Marines and Sailors inherently know the risks associated with taking drugs – non-judicial punishment, court martial, and even separation under other-than-honorable conditions, but, recently, the 2d Marine Division (2d MARDIV) has made a significant changes toward effectively identifying those who fail to heed the ‘Corps’ longstanding zero-tolerance policy.
From day one, every recruit’s first footsteps at boot camp lead him or her to a sign displaying: “Marine Corps Policy on Drugs: Drugs will not be tolerated.”
Despite this clarion call for abstinence, some Marines and Sailors make the choice to use, and in particular to use the recreation drug lysergic acid diethylamide, or LSD.
“We have a drug problem in the 2d Marine Division,” said Maj. Gen. Francis L. Donovan, commanding general of 2d Marine Division. “We are changing the way in which we test for illegal substances.”
Previously, the Department of Defense drug lab only accepted individual samples for testing of LSD, pursuant to law enforcement requests. This meant you would have to have already had some form of probable cause for search, and not just a random screening as the basis for the test; however, all that changed following recent incidents involving either Marines or Sailors violating policy and using LSD.
“We are committed to identifying violators of our ethos,” Donovan said. “The vast majority of Marines within the 2d Marine Division routinely uphold our core values, and they deserve to know that the Marines to their left and right are doing the same.”
In order to continue to uphold its high standard as a premier fighting force, 2d MARDIV has begun conducting random LSD testing – nearly 4,000 LSD tests since the start of this past summer.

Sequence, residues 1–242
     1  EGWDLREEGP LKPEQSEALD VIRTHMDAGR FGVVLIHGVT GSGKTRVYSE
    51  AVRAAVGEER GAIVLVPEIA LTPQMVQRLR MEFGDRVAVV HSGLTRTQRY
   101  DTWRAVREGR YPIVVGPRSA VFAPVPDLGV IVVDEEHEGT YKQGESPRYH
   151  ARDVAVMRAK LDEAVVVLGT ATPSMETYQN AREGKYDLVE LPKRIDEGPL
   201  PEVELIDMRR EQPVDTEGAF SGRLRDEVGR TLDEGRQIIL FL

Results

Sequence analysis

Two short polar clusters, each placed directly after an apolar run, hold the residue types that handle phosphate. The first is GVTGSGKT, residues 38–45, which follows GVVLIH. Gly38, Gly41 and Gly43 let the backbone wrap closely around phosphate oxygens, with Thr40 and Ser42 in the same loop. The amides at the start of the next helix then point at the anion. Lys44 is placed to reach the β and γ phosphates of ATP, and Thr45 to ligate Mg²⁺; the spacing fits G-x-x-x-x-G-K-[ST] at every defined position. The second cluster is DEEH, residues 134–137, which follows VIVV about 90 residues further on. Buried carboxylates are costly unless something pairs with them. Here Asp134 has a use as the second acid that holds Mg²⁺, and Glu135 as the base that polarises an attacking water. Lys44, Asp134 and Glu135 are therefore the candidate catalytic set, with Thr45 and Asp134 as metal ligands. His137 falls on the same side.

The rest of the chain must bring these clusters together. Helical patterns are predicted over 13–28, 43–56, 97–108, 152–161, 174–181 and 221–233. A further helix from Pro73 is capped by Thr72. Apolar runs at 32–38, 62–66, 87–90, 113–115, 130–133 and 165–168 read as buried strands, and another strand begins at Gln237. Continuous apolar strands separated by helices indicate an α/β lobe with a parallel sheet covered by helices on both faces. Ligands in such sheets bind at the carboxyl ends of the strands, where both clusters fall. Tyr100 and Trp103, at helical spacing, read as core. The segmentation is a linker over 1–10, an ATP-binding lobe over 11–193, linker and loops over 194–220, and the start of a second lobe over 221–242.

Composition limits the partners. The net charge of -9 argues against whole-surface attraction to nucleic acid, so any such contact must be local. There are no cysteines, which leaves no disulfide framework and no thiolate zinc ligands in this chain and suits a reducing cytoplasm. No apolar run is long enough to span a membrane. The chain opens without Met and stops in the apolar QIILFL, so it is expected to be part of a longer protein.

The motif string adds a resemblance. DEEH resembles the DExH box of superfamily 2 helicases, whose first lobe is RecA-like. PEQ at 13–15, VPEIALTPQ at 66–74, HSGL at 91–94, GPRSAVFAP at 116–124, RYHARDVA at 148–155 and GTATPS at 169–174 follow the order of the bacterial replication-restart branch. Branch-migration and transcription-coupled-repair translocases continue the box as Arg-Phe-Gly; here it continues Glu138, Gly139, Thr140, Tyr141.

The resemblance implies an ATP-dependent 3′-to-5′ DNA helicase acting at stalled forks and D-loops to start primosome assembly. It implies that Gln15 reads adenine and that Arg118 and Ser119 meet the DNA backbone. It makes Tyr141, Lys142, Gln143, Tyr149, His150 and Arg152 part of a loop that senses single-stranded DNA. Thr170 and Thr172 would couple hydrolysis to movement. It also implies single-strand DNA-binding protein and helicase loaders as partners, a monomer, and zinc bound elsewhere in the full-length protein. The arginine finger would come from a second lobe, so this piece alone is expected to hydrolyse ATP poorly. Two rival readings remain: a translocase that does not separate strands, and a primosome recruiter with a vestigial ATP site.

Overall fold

“Zero tolerance is the Marine Corps’ stance, and Marines need to understand that there is no drug that they can take without the means for government detection,” said Lt. Col. Christian Ruwe, the staff judge advocate for 2d MARDIV.
If a Marine tests positive – and several have, he or she faces the risk of a non-judicial punishment, a dishonorable discharge, or even time at a military corrections facility.
“At the end of the day, it’s about trust,” said Master Chief Petty Officer Christopher Rebana, command master chief of 2d Marine Division. “I have to trust that those on my port and starboard are bringing their ‘A’ game, physically and mentally, and both in garrison and in combat.”
Because LSD hasn’t traditionally been tested for by the Marine Corps, 2d MARDIV, in its effort to identify and hold accountable drug policy violators, resourced the help of the Armed Forces Medical Examiner System (AFMES) lab in Dover, Delaware, to conduct large-quantity random LSD testing. This testing led to numerous positive results; consequently, going forward, 2d MARDIV plans to conduct random testing, locally and on a more consistent basis.
LSD screening hasn’t traditionally been standard practice across the Department of Defense. The push to make common testing the norm within 2d MARDIV not only makes the division a leader in striving to maintain its preeminent battle readiness, but also allows the division to set an example for others wishing to eradicate drugs within their ranks to follow. Leaders say it’s all about ethos and non-negotiable standards.
“If we don’t uphold the standard, we just set a new one,” Rebana said.
Second MARDIV leadership encourages service members with knowledge of this type of illegal activity occurring to report it to their respective chains of command, according to Sgt. Maj. Daniel Krause, 2d Marine Division sergeant major. He, too, sees no place for drug use within the 2d MARDIV.
“Neither I nor any Marine or Sailor from the ‘Follow Me’ Division can trust someone using drugs to protect their flank,” Krause said. “We have no spot in our formations for drug users.”